Top-Tier Properties Remain Insulated
The ripple-up effect hasn’t been felt too much at the very top of the luxury-living market, such as at The Hub50 House, the new 400-plus–unit complex being built next to TD Garden, Hawkes said. The Hub50House lease-ups have been strong, though they slowed down this past spring due to social-distancing restrictions and a hesitancy by some tenants to sign leases too quickly amid economic uncertainties, Hawkes said.
Industry executives stress that not all properties, luxury and non-luxury alike, are seeing major market disruptions. Sometimes it all depends on location.
Brookline’s City Realty, owner of about 800 rental units in more than 100 big and small buildings across Greater Boston, recently completed a new, 23-unit complex on Market Street in Brighton. Five of the units are rentals, and it’s taken longer than expected to lease them out, says Jim Caruso, vice president of operations at City Realty.
The reason: It’s all about the “unknowns,” particularly for potential student tenants who don’t know yet when, and to what extent, universities will reopen campuses this fall.
Still, City Realty is getting inquiries from would-be renters – and Caruso said he fully expects a rush of lease signings as the fall semester approaches.
As for the hundreds of City Realty’s existing units spread around the region, it’s taken more of an effort to rent apartments, as the company and potential tenants alike have had to rely on “virtual tours” for pre-lease viewings, Caruso said.
Adding up all the challenges facing the market, Caruso said there’s “definitely been flux and change,” with some moderate price softening.
In Revere, construction of the 75-unit “Ninety-0” complex right on Ocean Avenue in Revere Beach is expected to be finished later this fall. Oleg Uritsky, president of co-developer Helge Capital, said the owners would probably be marketing Ninety-0 at this point. But the company has decided to hold off for about a month until the “dust settles,” he said.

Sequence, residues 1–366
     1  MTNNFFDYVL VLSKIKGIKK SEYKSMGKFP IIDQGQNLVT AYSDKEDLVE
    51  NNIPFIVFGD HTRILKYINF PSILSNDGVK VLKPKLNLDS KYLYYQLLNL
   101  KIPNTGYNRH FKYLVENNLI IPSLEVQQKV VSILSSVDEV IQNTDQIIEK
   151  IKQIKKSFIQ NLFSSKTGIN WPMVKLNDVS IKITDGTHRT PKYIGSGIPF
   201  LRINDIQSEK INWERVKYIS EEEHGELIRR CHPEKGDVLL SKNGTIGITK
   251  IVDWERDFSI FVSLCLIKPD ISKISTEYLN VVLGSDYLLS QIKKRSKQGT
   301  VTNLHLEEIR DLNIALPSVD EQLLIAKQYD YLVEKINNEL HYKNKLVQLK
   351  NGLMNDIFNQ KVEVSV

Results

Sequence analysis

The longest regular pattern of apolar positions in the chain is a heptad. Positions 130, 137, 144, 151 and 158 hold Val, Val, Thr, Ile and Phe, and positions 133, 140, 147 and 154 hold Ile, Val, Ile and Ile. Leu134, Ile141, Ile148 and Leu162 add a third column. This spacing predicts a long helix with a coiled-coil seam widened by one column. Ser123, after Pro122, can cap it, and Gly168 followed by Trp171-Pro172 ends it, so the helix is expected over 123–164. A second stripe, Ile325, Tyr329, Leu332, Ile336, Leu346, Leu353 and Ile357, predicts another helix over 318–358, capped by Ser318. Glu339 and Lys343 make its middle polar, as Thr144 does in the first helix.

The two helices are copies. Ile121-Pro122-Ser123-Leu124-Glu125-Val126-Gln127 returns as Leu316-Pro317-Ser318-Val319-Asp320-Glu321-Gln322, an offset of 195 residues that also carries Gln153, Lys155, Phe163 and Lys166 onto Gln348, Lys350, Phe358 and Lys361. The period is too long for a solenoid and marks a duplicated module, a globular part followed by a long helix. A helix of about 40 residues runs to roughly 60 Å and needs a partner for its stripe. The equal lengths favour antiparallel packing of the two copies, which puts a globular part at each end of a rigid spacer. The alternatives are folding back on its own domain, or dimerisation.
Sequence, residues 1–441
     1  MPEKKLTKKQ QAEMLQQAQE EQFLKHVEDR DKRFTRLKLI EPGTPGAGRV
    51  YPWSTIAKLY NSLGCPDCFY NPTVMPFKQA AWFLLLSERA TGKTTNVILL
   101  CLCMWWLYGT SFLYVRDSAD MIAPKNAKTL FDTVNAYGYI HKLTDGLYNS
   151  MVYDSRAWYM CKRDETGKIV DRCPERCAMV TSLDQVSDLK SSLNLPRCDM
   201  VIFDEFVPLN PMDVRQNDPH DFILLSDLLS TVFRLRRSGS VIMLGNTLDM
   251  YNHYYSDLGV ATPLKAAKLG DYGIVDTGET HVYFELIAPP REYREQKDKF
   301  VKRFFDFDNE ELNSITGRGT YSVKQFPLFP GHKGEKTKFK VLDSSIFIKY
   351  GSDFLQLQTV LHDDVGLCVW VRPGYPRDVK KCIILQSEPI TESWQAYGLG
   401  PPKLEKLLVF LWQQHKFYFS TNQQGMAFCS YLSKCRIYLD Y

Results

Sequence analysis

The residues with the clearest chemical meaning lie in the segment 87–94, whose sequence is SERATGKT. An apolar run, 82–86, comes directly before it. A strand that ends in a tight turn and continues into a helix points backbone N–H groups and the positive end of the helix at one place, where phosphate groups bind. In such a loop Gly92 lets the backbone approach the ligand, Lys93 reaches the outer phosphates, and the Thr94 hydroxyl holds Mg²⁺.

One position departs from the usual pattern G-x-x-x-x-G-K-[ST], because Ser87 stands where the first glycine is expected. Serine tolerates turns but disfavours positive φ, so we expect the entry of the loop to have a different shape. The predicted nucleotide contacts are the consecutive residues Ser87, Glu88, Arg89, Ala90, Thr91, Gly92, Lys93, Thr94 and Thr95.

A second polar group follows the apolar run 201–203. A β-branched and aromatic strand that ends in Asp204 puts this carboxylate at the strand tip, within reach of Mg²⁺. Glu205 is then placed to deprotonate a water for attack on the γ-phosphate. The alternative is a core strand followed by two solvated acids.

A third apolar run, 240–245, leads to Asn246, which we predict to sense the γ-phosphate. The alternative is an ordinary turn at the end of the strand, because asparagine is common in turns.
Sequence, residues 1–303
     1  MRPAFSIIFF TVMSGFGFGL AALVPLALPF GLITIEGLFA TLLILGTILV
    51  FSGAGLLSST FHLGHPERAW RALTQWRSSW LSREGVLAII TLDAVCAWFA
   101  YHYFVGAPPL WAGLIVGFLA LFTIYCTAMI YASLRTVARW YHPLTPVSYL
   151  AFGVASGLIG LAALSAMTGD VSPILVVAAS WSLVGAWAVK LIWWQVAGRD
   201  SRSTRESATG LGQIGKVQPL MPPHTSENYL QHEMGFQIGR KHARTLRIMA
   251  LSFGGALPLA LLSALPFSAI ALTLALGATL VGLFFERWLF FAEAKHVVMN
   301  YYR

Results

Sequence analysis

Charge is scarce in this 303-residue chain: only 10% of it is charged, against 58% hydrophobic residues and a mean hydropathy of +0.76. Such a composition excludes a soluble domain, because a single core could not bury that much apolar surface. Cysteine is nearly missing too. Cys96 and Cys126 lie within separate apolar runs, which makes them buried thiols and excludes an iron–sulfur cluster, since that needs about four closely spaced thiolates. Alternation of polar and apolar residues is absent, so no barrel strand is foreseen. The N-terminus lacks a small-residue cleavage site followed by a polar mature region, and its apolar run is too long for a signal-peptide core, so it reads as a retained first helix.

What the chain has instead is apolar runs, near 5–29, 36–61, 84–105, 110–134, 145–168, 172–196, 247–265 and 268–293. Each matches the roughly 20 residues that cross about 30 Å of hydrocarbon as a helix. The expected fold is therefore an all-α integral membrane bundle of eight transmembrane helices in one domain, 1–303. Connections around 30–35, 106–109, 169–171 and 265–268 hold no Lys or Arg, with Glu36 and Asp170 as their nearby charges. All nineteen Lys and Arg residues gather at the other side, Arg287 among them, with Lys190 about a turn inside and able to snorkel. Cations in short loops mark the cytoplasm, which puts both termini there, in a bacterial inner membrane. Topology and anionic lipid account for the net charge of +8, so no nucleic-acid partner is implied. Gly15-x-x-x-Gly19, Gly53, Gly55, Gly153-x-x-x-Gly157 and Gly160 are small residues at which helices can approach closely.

“We’re monitoring the markets. Nobody knows how this will play out at this point,” Uritsky said.
Helge Capital, which also owns multifamily properties in Dorchester, Hyde Park, Lynn and elsewhere in the region, is seeing a great reluctance on the part of tenants to move out of the firm’s nearly 600 existing units, with tenants not wanting to take risks during the pandemic and difficult economic times.
Still, Uritsky remains confident that the rental market will stabilize in coming months, assuming there’s not another surge in coronavirus cases and assuming the economy slowly recovers.
In particular, he noted that Revere Beach, which has seen a slew of luxury residential developments in recent years, is in good shape to weather the current pandemic and economic storms.
The area provides future Ninety–0 tenants with beachfront vistas and amenities should they need to work from home during the pandemic – and easy access to the Blue Line if they need to work in Boston.
“We remain very optimistic,” said Uritsk of Ninety-0’s prospects.